In January, we see an increase of 2%, February did take a little decline, but it was not much; in March we were up over 11%, and then in April it was up over two percent:

Closed sales in real estate in Stockbridge (total volume)

So that's a good thing for sellers and people buying - the home values are not decreasing. Maybe the numbers have decreased a little bit, but the values aren't going anywhere. 

That’s also important when you look at the market: you have your average sales price. These have not declined at all this year - they've actually increased every single month:

Stockbridge, 2020 average real estate sale price

The average sales price in the Stockbridge area has increased This tells us people have equity in their home and this equity is continuing to grow. If you're buying now, or you have bought from last year,  you can see it: in January, they've gone up 9%, February half a percent, 4% in March, and in April we see an increase of over 10%.

Bottom line, very important for buyers and sellers: know that the home values are increasing.

This was Stockbridge, in Henry County, which is south of Atlanta. What about Snellville?

Teri Khimani: For some data from the north side of Atlanta, the Snellville market (30078 ZIP code), we can look at new listings. In January they were up, February went down a little bit, March was up and then April took a little bit of a hit again. I think that is due to the sheltering in place starting.

Snellville, real estate new listings for 2020

If we look at the pending sales, January was up 23%, February is not much of a difference - it went from 43 to 41 pending sales, March went from 76 of 70, and then April had the biggest dip, from 76 to 49:

Snellville, pending sales

But if you look at the closed sales, they were up over 10% in January, February up 21%, March and April took a little bit of a hit:

Snellville, closed sales

But again, the same thing: if we look at the closed sales volume for this county, it has increased by almost 23% in January, almost 30% in February, which is a huge increase – again, this is because the home prices are increasing in this county:

Closed real estate sales volume in Snellville

They did take a small hit in March and April and then again, the sales prices - which is the equity in people's homes, the values of the homes - they did not decrease at all this year compared to last  year. They went up, even in April by over 5%, March 10% and a bit:

Snellville, average sales prices

Teri, here's another question I got: What are closing costs and who usually pays the closing costs?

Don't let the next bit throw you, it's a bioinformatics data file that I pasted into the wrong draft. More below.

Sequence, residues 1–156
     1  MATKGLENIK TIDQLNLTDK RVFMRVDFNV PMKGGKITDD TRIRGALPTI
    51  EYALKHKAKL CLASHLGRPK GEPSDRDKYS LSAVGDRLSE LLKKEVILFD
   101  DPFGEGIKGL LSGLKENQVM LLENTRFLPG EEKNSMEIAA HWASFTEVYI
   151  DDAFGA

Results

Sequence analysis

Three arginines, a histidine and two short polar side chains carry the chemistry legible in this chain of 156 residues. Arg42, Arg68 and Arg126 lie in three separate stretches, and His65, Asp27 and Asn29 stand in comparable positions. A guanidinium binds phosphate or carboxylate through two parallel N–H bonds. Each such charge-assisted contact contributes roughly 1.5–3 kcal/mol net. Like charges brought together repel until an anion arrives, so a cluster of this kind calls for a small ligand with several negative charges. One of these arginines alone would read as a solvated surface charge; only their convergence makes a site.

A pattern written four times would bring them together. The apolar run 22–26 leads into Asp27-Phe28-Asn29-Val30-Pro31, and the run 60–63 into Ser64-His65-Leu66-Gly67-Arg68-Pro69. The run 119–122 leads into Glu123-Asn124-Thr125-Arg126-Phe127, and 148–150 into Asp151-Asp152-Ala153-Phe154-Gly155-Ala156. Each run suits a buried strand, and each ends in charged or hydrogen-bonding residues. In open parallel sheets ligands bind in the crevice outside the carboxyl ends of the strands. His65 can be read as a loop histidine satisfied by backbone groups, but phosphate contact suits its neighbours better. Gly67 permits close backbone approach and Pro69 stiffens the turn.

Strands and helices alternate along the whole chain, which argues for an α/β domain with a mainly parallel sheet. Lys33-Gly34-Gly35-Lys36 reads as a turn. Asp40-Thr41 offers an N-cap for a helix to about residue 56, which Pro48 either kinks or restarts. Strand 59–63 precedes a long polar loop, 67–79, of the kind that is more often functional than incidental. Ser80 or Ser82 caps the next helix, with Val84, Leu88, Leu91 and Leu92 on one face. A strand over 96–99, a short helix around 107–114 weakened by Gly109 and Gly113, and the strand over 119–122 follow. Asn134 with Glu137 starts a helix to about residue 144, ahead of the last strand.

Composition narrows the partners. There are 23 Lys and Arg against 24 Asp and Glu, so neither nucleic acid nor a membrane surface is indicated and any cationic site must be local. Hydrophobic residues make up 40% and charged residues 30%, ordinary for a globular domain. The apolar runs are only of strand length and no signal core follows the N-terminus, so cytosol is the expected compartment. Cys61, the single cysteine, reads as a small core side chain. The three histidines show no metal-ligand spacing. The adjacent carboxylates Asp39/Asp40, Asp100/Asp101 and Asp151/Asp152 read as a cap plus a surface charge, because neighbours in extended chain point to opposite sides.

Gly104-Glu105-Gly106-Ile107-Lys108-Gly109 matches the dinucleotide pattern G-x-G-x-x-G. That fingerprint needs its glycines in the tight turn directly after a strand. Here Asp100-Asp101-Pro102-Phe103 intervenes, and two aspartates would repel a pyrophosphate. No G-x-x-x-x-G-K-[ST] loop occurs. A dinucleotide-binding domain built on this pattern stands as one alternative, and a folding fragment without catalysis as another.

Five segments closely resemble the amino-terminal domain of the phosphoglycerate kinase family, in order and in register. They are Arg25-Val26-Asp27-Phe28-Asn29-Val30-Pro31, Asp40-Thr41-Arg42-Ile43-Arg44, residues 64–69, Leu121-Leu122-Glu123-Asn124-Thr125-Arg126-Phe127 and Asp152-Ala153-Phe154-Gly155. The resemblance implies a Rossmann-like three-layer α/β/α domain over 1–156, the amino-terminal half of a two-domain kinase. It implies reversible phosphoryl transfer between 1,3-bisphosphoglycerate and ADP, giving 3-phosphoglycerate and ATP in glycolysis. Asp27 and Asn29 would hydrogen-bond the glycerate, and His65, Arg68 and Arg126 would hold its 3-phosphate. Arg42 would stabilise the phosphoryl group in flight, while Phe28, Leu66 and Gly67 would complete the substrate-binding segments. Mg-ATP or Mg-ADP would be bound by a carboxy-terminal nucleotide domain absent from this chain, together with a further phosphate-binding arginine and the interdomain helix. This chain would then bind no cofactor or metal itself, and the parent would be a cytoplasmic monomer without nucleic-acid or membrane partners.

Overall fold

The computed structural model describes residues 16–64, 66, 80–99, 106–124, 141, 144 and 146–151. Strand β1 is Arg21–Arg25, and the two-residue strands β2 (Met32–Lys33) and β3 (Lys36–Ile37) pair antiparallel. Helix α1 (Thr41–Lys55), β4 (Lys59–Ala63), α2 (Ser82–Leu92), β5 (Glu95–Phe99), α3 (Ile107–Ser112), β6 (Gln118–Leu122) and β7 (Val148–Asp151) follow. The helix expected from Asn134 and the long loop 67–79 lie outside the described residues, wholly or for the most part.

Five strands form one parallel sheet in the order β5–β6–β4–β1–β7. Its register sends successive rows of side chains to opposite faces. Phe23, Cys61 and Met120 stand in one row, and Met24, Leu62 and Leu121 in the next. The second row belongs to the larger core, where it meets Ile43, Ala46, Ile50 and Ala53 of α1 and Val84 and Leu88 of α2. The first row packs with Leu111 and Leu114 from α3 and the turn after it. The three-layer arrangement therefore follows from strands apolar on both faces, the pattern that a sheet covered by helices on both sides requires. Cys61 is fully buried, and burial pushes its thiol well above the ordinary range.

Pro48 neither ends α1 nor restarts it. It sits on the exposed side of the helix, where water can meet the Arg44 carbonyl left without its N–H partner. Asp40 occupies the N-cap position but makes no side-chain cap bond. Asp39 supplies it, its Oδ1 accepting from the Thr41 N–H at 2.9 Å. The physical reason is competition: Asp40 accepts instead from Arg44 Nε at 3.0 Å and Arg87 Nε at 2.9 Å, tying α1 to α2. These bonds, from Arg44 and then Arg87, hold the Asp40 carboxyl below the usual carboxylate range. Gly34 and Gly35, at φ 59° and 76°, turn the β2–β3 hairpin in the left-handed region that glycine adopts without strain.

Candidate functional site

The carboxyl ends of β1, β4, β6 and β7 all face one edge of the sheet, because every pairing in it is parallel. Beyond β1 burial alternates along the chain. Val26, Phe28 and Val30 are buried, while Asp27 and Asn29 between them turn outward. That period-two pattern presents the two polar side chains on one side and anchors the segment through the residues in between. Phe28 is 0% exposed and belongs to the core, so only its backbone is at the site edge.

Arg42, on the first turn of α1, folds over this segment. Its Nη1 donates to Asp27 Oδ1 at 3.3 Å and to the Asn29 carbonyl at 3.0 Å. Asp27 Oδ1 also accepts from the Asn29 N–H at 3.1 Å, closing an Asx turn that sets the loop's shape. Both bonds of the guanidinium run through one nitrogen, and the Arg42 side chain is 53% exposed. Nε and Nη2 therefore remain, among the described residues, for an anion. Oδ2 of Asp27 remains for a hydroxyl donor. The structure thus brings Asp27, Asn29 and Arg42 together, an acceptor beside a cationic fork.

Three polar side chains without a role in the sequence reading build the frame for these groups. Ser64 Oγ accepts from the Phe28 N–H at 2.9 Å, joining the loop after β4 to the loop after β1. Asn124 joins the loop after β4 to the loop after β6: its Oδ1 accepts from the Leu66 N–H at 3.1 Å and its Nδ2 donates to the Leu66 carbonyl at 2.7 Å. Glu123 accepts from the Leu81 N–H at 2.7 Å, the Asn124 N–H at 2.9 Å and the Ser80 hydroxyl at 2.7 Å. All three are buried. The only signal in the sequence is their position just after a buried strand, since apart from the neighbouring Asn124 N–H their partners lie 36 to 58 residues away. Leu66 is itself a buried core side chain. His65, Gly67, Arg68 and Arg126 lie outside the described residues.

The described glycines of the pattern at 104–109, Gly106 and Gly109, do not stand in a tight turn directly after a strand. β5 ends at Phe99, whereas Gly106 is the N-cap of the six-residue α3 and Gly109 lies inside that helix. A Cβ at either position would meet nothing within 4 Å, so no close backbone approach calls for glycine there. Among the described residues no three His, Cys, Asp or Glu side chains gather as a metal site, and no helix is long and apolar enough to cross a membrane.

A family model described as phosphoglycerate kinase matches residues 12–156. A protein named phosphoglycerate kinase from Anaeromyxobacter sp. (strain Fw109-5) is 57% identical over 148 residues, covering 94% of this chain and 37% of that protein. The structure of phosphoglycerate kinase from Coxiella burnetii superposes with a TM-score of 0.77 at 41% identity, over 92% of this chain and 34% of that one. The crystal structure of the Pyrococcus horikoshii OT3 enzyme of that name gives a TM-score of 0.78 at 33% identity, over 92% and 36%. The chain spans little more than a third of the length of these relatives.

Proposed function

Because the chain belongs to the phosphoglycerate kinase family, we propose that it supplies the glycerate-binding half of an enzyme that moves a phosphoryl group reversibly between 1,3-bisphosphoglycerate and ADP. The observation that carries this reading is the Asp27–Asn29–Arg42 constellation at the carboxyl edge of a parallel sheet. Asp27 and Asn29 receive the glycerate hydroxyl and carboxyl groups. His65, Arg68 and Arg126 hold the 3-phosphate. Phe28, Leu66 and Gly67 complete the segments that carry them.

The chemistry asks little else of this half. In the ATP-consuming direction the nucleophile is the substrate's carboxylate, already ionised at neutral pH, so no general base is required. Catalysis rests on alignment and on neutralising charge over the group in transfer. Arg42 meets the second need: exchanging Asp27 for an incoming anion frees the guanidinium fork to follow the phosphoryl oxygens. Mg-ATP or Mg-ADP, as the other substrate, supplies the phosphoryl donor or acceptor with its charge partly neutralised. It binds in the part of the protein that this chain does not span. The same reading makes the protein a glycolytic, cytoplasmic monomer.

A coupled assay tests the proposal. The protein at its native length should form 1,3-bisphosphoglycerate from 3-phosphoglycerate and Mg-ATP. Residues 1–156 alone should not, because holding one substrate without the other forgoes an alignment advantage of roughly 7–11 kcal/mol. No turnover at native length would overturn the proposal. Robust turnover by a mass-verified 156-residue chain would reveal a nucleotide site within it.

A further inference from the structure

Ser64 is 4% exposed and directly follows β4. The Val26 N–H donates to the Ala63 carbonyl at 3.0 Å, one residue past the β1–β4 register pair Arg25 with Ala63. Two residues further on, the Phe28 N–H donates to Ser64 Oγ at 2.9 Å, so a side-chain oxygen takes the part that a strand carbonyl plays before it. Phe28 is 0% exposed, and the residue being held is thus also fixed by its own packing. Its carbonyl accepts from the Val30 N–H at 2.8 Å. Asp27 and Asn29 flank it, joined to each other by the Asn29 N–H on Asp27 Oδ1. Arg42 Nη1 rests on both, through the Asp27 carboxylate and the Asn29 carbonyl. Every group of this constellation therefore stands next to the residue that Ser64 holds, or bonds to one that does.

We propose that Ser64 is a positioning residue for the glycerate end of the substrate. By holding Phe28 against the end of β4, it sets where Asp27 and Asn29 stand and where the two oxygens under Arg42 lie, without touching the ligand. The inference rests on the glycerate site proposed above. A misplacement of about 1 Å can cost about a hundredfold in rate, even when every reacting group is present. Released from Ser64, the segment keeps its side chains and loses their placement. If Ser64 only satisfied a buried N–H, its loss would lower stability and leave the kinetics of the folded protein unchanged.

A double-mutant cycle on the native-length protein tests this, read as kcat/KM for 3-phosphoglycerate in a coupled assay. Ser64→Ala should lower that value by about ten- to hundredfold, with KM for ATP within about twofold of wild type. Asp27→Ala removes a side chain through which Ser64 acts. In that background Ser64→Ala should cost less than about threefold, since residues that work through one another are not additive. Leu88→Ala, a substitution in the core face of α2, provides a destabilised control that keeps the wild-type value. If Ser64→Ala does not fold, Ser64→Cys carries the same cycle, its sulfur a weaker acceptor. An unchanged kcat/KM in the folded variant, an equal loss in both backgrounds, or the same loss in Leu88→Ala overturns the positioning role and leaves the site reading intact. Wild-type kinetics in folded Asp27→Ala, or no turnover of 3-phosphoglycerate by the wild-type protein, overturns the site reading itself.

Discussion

Teri Khimani: The closing costs are usually the buyer’s responsibility – they are your pre-paid taxes, insurance, attorney fees, lender fees – all of these are your responsibility, as the buyer. 

However, a lot of the times we can get the sellers to pay these, or if there are some new construction builders – the majority of them will pay these closing costs for you, if you’re using their lender. Bottom line, they are the buyer’s fees, but as a realtor, I always try to get those taken care of for my clients as much as possible.

Teri, are new builders ever offering incentives, I think you mentioned that they do?

Teri Khimani: Yes, they do, some of the bigger builders, like DR Horton, Century Community – they offer certain incentives to their buyers if they use their preferred lenders. I just had a client going to contract last week and DR Horton was offering $9,000 towards their closing costs, to use their lender, so it's a huge incentive.

Someone who is a first-time home buyer wants to know what fees are associated with buying a home, can you tell us something about that?

Teri Khimani: There are some little hidden fees, associated with buying a home, on top of the usual down-payment and closing costs: 

  • There are the home inspection fees. I encourage everyone to get a home inspection when they are buying.
  • The appraisal fee, which is charged by the lender to get the home appraised.
  • The earnest money, which is a small amount put towards the sale price of your home. This is usually held by either your realtor or your attorney, and is not kept or lost, but it goes towards the purchase of your home when you close.

Thank you, Teri, I appreciate your time. 

You can reach Teri Khimani at 678.967.1712, [email protected] or 

Watch the entire interview below:

Chris Menard

Chris Menard is a certified Microsoft Trainer (MCT) and works as a full-time Trainer at BakerHostetler - one of the largest law firms in the US. He runs a YouTube channel with 900+ technology videos that cover various tools such as Excel, Word, Zoom, Teams, Gmail, Google Calendar, and Outlook. To date, the channel has helped over 20 million viewers. Menard also does 2 to 3 public speaking events every year, presenting at the Administrative Professional Conference (APC), the EA Ignite Conference, the Support Staff Conference, the University of Georgia, and CPA conferences. You can connect with him on LinkedIn at or watch his videos on YouTube at